United Nations Decade on Ecosystem Restoration

““Be like a tree in pursuit of your cause. Stand firm, grip hard, thrust upward. Bend to the winds of heaven..”

Richard St. Barbe Baker


Arbor Day!

Today!  Today is Arbor Day, May 22.  Celebrate!!!

For our virtual Arbor Day activity today is to consider your unique story.  (besides planting trees privately at your home 😉

Consider the many ways in which trees have impacted your life, besides supplying life giving oxygen for you to breathe, and purifying the air.

Your story adventure could be happiness is strolling through the forest with your puppy.

Or perhaps you story will be sinking your teeth into a juicy apple, or some yummy Saskatoon berries fresh from the tree.  Have you found the Saskatoons and apple tree at the afforestation area yet?

Another great story may be the willow catkins you find which herald that spring arrives alongside the arrival of Robin and Meadowlark.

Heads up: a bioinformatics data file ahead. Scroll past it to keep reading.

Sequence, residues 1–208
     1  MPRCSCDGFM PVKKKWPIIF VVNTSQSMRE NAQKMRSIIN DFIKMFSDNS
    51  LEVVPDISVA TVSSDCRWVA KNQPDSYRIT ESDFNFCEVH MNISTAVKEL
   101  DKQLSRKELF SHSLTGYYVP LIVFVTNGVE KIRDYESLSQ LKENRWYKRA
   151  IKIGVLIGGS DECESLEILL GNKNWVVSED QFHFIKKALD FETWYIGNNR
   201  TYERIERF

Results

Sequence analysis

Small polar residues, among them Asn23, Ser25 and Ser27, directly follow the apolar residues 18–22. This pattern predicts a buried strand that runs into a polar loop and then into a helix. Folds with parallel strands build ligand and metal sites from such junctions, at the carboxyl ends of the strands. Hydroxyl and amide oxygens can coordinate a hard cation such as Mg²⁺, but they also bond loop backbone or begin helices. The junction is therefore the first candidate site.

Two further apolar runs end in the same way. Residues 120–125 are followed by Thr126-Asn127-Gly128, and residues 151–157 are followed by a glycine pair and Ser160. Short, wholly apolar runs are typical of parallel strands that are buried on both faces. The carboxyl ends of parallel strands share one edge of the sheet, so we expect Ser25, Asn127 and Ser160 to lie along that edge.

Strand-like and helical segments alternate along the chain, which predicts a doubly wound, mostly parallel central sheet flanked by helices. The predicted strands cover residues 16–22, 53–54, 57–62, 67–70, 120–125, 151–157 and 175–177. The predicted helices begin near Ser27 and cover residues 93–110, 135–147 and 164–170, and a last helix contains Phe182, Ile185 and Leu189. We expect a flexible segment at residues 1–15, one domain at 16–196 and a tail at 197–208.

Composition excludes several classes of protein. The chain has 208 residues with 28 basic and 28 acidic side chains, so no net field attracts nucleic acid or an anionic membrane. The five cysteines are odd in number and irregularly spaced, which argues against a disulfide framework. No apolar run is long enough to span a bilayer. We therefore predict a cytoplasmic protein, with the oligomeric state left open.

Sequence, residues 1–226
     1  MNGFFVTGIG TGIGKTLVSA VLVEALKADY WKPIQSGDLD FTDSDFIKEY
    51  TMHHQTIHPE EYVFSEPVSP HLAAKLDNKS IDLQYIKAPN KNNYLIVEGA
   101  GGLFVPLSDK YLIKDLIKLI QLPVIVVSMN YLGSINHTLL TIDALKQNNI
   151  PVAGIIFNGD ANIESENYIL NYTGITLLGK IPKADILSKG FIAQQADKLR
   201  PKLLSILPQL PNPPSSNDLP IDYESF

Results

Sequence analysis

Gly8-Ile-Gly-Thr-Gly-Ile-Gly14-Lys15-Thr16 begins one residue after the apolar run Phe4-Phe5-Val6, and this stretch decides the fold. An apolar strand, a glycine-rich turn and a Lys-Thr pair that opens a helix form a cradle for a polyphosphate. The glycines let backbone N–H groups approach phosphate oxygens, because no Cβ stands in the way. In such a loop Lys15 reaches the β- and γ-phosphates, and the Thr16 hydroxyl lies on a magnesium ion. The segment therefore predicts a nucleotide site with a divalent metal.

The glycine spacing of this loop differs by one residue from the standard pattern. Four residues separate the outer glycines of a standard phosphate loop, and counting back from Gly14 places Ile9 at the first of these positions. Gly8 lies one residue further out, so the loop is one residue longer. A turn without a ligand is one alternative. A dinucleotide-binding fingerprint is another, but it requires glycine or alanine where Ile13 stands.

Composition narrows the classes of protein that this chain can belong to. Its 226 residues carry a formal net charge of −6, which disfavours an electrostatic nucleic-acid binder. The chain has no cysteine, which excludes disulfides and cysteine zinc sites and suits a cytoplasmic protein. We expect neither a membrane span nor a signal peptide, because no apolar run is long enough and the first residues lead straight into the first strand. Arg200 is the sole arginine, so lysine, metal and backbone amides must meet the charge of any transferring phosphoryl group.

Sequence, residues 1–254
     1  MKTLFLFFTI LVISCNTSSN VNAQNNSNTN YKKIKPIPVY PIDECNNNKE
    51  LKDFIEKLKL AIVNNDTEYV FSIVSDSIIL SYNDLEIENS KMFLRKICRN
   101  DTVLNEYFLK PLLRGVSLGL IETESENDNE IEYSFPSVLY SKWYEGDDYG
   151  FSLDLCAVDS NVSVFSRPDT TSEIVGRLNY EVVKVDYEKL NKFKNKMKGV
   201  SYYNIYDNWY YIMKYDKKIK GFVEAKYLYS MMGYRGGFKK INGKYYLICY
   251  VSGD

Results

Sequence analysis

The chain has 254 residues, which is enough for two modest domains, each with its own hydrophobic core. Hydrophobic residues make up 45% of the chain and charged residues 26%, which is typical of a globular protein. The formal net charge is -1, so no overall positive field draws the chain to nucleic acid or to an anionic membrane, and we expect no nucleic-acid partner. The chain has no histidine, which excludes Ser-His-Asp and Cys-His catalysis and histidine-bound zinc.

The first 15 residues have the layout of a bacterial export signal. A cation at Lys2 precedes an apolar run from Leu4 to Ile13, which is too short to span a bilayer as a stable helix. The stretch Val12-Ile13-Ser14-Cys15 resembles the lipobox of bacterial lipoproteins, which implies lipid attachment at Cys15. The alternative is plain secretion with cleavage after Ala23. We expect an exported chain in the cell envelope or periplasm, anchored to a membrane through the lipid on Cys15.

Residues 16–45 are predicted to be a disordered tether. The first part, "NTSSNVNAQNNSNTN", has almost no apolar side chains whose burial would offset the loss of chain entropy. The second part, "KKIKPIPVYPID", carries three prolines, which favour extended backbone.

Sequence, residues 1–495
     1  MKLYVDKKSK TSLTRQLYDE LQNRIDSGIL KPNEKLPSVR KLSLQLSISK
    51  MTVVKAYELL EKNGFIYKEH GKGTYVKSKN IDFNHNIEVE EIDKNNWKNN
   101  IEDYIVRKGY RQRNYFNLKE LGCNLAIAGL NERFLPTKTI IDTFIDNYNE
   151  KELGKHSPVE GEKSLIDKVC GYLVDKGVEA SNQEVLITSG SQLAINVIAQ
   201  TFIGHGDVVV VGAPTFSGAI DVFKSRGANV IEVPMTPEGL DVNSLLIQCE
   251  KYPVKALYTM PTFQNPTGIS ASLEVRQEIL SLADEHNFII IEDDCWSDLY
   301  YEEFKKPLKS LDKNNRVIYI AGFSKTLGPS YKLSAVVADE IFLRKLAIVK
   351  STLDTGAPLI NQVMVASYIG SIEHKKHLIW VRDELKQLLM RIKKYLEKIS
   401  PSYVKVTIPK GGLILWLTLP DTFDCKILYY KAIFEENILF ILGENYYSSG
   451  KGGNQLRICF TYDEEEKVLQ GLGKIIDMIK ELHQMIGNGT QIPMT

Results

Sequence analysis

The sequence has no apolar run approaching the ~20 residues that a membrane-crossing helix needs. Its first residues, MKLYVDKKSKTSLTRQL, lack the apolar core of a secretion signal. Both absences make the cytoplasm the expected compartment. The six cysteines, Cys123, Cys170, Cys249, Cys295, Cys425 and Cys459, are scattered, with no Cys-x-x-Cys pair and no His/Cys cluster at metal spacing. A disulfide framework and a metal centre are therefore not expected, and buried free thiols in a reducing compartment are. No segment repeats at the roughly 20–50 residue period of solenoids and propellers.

Another great forest story may be the time hiking through the woods and you discover deer or rabbit, fawn or duckling.  Did you know many ducks nest on the ground, so be careful with your puppies in the spring nesting season.

There is so much to be grateful to forests about.

What is your story about why trees and forests are special to you?

There are three amazing ways you can show your appreciation for the afforestation areas:

1) Download theiNaturalist app on your smart phone, and take pictures of the plants and animals.  This shows the amazing value of the forests, and is a wonderful way to increase your love of the forests as it increases your observation skills to the wonders which about in nature.

2) Support the 2020 Green Vision master plan. If you are unable to make a financial gift during these weird crazy, and uncertain times, please know that there are many ways you can help. You can advocate for us by sharing our vision and our purpose with a family member or friend. Even a quick mention or a share on your social media would be every so awesome.